If two distinct elements $i$ and $j$ of $\left\{ 1,2,\ldots,r\right\} $
would satisfy $f\left( i\right) =f\left( j\right) $, then they would
satisfy $\gamma\circ\chi_{i}=\gamma\circ\chi_{j}$ (by \eqref{eq.darij1.1}
) and therefore $\chi_{i}=\chi_{j}$ (since $\gamma$ is invertible), which
would contradict the fact that $\chi_{1},\chi_{2},\ldots,\chi_{r}$ are
distinct. Thus, two distinct elements $i$ and $j$ of $\left\{ 1,2,\ldots
,r\right\} $ always satisfy $f\left( i\right) \neq f\left( j\right) $. In
other words, the map $f$ is injective. Hence, $f$ is a permutation (since $f$
is an injective map from $\left\{ 1,2,\ldots,r\right\} $ to $\left\{
1,2,\ldots,r\right\} $).

Now, from $C=\left( \chi_{i}\left( c_{j}\right) \right) _{1\leq i\leq
r,\ 1\leq j\leq r}$, we obtain
\begin{align*}
\widetilde{\gamma}\left( C\right) =\left( \gamma\left( \chi_{i}\left(
c_{j}\right) \right) \right) _{1\leq i\leq r,\ 1\leq j\leq r}=\left(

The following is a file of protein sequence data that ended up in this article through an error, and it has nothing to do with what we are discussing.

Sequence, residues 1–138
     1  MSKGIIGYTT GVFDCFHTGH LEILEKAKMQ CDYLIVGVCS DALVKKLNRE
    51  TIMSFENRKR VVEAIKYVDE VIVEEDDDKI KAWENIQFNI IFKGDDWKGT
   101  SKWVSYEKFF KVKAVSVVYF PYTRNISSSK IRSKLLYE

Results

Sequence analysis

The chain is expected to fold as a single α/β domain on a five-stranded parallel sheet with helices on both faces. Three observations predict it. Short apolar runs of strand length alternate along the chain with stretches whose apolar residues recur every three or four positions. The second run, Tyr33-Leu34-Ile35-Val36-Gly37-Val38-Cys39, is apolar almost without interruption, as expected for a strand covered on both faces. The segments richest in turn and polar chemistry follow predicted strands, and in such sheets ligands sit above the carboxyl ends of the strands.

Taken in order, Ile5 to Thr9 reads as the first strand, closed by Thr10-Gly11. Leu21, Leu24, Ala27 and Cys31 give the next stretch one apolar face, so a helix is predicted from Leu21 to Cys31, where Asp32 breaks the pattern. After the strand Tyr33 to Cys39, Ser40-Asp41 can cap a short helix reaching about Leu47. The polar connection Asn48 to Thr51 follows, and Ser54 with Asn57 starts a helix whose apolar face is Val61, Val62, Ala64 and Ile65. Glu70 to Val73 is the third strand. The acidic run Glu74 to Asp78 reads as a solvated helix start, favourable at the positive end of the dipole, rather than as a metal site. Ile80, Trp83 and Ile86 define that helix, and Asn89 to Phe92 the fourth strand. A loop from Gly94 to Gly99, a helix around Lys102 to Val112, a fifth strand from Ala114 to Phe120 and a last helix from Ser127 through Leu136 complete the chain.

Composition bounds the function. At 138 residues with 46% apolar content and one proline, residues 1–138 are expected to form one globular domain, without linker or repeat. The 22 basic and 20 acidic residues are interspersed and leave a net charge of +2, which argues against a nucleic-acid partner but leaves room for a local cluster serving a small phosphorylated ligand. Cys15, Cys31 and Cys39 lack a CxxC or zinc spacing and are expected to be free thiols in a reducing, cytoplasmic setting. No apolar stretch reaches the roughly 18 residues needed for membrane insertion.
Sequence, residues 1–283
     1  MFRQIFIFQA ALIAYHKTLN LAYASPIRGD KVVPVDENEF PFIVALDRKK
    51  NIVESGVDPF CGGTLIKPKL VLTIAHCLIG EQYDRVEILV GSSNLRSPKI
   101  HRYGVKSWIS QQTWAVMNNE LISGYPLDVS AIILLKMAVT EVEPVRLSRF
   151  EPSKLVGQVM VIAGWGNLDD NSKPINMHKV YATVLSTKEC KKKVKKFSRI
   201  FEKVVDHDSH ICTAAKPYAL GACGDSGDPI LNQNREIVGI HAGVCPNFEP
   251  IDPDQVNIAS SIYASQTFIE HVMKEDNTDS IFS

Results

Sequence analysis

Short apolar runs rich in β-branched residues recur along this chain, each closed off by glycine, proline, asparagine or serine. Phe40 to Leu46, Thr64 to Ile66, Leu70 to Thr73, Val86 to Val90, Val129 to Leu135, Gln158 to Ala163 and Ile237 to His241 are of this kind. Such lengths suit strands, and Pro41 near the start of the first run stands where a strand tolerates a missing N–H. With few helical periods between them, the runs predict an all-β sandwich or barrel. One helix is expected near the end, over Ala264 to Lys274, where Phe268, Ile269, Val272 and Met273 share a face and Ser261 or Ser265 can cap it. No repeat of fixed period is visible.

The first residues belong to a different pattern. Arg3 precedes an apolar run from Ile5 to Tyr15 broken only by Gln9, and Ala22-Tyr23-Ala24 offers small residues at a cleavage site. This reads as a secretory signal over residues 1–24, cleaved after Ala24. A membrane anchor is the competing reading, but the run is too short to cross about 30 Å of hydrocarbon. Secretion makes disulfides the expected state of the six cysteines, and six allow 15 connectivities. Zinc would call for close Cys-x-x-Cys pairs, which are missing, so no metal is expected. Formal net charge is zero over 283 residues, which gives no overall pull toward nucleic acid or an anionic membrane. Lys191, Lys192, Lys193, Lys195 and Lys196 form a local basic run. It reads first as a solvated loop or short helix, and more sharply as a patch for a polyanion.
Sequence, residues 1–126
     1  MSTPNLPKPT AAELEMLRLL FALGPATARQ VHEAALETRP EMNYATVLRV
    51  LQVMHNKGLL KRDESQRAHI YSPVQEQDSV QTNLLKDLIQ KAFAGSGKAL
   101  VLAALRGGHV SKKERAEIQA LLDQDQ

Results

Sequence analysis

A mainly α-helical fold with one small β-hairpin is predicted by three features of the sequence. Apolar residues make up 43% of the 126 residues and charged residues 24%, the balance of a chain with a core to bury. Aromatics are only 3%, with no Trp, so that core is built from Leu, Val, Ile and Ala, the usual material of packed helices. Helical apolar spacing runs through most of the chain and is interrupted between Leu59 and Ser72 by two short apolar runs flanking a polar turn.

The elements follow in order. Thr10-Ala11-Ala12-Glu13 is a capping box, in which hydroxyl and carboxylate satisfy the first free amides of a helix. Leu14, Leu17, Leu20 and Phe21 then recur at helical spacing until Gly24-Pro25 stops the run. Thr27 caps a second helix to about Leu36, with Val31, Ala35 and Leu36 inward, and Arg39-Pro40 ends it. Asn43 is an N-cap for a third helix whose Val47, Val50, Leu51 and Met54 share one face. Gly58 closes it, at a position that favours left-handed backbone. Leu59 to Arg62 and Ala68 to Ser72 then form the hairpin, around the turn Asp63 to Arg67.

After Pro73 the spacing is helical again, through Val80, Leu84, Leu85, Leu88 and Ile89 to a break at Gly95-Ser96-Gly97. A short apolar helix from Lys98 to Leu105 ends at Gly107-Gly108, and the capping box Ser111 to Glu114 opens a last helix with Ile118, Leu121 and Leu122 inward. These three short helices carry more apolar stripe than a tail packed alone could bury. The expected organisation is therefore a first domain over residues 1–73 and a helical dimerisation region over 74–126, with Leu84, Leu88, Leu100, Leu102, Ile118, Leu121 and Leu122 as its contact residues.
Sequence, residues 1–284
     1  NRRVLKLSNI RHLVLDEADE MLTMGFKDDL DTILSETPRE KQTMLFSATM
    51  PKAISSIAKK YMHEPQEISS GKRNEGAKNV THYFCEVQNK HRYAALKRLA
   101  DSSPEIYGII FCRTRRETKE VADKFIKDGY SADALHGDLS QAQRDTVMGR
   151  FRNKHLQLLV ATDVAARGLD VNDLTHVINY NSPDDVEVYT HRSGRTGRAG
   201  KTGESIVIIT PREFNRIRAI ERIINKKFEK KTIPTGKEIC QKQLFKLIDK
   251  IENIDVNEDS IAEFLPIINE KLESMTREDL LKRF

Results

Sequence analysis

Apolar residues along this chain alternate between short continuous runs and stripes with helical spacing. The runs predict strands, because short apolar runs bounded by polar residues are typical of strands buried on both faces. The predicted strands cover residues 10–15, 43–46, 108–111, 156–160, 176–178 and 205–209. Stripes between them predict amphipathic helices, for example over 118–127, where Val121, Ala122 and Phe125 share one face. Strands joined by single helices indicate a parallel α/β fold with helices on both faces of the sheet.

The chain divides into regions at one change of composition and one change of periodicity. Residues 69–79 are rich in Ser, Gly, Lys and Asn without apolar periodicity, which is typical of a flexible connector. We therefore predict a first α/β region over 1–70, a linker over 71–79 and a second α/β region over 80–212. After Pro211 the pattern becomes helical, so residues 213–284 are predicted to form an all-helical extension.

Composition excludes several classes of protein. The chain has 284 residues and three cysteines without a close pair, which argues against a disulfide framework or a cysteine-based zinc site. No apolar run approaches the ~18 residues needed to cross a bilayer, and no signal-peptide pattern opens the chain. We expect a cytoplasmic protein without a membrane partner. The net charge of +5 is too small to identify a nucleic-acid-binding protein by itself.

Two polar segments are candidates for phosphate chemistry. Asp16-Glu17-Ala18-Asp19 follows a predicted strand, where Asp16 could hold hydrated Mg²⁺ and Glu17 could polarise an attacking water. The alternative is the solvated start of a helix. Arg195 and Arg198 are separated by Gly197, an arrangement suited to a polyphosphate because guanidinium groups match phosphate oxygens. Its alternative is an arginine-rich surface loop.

\chi_{f\left( i\right) }\left( c_{j}\right) \right) _{1\leq i\leq
r,\ 1\leq j\leq r},
\end{align*}
since each $i,j\in\left\{ 1,2,\ldots,r\right\} $ satisfy
\begin{align*}
\gamma\left( \chi_{i}\left( c_{j}\right) \right) =\left( \gamma\circ
\chi_{i}\right) \left( c_{j}\right) =\chi_{f\left( i\right) }\left(
c_{j}\right) \qquad\left( \text{by \eqref{eq.darij1.1}}\right) .
\end{align*}
Thus, the matrix $\widetilde{\gamma}\left( C\right) $ is obtained from the
matrix $\left( \chi_{i}\left( c_{j}\right) \right) _{1\leq i\leq r,\ 1\leq
j\leq r}$ by permuting the rows (since $f:\left\{ 1,2,\ldots,r\right\}
\rightarrow\left\{ 1,2,\ldots,r\right\} $ is a permutation). In other words,
the matrix $\widetilde{\gamma}\left( C\right) $ is obtained from the matrix
$C$ by permuting the rows (since $C=\left( \chi_{i}\left( c_{j}\right)
\right) _{1\leq i\leq r,\ 1\leq j\leq r}$). Hence, $\operatorname*{per}
\left( \widetilde{\gamma}\left( C\right) \right) =\operatorname*{per}C$
(since the permanent of a matrix does not change when its rows are permuted).

But the definition of $\widetilde{\gamma}$ yields that $\operatorname*{per}
\left( \widetilde{\gamma}\left( C\right) \right) =\gamma\left(